Director: Gary Fleder
Starring: Andy Garcia, Christopher Lloyd, William Forsythe, Bill Nunn, Treat Williams, Jack Warden, Steve Buscemi, Fairuza Balk, Gabrielle Anwar, Christopher Walken
Running Time: 115 minutes
Score: 10 / 10
This review by malkane316 – a truly great movie with great dialogue. Boat drinks to you all. Cheers to Daan for reminding me of this forgotten classic.
The early and mid nineties saw the emergence of Tarantino and his new greed of filthy pulp genius, and naturally everyone else wanted apiece of the action. From now on scripts had to be full of witty dialogue, the characters had to be from the wrong side of the tracks, but we had to be able to relate to them. Of course, most of Tarantino’s imitators were rubbish, leaving the man himself to bask in glory. However, when Scott Rosenberg gave his brilliant script to director Felder, something special was created- a Tarantinio beater.
TTDIDWYD suffered perhaps because of its title, and because it is more downbeat than much of what was being released at the time. Some reviews here have strangely dared to say that the dialogue is crap, that certain scenes to do not ‘further the narrative’. How odd, and these people love Tarantino? For whatever reason, the film has largely been forgotten about, but with the cast it has i’m sure more people will come to it and find what a gem it is. Truly it has one of the best casts ever- Walken, Garcia, Lloyd, Buscemi, Balk, Anwar, Warden, Bill Nunn, Treat Williams, and they all give near career bests. The plot sees Jimmy the Saint brought out of retirement for one last job by his psychotic ex mob boss, played terrifyingly by Walken. For the job he needs to recruit some of his old gang- Pieces (Lloyd), Franchise (Forsythe), Easy Wind (Nunn), and reluctantly Critical Bill (Williams). Each man is out of the game, but this job will pay them for the rest of their lives and they can retire in peace. The job is simple- Walken’s son lost his mind after his girlfriend left him for another guy. The other guy is coming to town, so Jimmy and his gang scare him into leaving the girl, so that Walken’s son will be happy again. This will in turn give Walken’s life meaning again. Things go horrifically wrong though, and each member of the gang is given 48 hours to live. As this is happening, Jimmy has fallen for Anwar, but can’t be with her. He tries to get his friends to run for safety, but they refuse, willing to accept whatever happens. Jimmy also stays to try and do some right in his life- giving the engagement ring to Anwar and her fiancée, and saving local whore Balk from wasting her life, giving her a child. Soon the inevitable happens as the unstoppable assassin (Buscemi) comes to town, but not before Jimmy exacts perfect revenge.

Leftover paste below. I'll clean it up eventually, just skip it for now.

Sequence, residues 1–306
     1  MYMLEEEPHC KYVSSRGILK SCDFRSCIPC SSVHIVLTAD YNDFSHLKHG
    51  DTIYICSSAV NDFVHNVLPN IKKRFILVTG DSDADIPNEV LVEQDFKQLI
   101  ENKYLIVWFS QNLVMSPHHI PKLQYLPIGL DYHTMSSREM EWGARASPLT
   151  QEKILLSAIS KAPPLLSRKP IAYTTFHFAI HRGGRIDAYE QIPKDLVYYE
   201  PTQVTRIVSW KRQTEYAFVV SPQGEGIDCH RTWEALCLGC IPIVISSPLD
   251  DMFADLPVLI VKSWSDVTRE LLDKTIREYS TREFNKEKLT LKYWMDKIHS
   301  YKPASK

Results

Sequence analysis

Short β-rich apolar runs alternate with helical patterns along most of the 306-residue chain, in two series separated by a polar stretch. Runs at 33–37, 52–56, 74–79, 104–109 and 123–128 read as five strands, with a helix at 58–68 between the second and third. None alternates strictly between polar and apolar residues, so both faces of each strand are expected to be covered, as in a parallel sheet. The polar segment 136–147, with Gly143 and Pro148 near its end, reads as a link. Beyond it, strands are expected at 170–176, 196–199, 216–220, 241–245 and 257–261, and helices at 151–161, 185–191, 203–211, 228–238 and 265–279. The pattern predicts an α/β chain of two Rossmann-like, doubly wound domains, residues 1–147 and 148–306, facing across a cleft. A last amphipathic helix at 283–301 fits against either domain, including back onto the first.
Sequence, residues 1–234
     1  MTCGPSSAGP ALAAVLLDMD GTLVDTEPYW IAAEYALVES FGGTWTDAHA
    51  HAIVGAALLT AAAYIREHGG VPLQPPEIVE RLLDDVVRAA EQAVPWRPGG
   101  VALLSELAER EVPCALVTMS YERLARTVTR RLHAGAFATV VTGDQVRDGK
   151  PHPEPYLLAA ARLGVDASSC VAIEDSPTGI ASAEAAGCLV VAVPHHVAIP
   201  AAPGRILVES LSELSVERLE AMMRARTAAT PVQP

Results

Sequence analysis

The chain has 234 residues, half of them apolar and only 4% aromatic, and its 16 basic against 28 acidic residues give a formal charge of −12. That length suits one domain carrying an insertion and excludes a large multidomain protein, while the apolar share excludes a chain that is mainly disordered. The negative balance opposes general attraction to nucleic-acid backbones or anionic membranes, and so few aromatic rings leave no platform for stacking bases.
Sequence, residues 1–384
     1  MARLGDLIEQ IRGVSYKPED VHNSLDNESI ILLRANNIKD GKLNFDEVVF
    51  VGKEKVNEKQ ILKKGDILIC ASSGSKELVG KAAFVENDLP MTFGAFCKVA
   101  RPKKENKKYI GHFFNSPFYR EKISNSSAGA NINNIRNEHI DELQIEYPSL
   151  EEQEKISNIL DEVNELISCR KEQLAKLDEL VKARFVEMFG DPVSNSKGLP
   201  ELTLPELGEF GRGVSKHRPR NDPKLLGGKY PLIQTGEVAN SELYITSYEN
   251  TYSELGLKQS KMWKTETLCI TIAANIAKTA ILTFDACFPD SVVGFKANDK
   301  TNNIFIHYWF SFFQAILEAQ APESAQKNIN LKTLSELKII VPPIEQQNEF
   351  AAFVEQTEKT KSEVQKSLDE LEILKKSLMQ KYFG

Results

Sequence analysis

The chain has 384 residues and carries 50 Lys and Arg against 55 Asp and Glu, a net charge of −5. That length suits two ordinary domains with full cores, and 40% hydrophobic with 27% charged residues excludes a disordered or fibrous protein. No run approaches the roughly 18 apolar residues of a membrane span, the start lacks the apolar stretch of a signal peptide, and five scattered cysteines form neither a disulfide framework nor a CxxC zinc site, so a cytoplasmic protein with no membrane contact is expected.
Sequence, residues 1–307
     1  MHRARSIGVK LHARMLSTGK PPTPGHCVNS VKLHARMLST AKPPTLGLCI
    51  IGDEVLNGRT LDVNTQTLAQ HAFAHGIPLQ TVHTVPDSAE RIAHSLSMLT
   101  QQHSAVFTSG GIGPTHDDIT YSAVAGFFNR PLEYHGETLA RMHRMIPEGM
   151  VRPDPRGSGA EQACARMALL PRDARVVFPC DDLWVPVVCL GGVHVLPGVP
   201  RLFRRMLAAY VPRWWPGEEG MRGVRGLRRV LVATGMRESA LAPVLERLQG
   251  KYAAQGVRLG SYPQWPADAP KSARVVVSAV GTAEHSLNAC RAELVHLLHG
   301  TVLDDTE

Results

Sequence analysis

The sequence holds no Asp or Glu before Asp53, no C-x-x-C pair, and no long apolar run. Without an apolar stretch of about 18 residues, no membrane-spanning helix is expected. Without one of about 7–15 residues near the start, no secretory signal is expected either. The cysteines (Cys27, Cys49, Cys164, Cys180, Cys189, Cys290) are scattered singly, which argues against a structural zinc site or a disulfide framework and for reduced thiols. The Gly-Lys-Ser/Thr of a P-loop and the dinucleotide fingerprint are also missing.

The script is easily one of the best of the last 50 years, full of quotable dialogue “I am Godzilla! You are Japan!” , but full of meaning, heart, and existential dreaming. The whole story revolves around life and death, how we will be remembered in death for our achievements in life, and giving hope to the living as we die. Every character is extraordinarily drawn, with depth and individuality. Jimmy tries to save his friends but their pride means he has to accept their decisions. He may be a gangster, but he knows what is right, moral rules are forever more important than the laws of Cops and Robbers. Pieces works in a porno theatre with the painful loss of strength in his hands, but he knows that back in the day they were at the top of their league. Walken is genuinely Evil as the man with the plan, Buscemi is brilliant as Mr Sssh, and Williams is a forgotten man- a self serving patriot, guns framed on his walls, ready to protect himself from invasion at anytime. Anwar and Nicolsi (as Walken’s son) deserve special mention, both get our sympathy as they are trapped in a situation they are not part of, and do not deserve what happens to them. There are too many characters and traits to list, ensuring that I at least will continue to find new things with every viewing.
Although there is strong sentimentality, there is plenty of violence and strong language to balance everything, and as i’ve said before, sentimentality is nothing to be ashamed of-in life or in movie making. The film is not meant to be completely bleak and hard hitting, and it is a sad sign of our times when we berate a film for being sentimental. Much like the Shawshank Redemption in effect this film will leave you with hope. A breathtaking film which will stay with you forever if you let it. 10 out of 10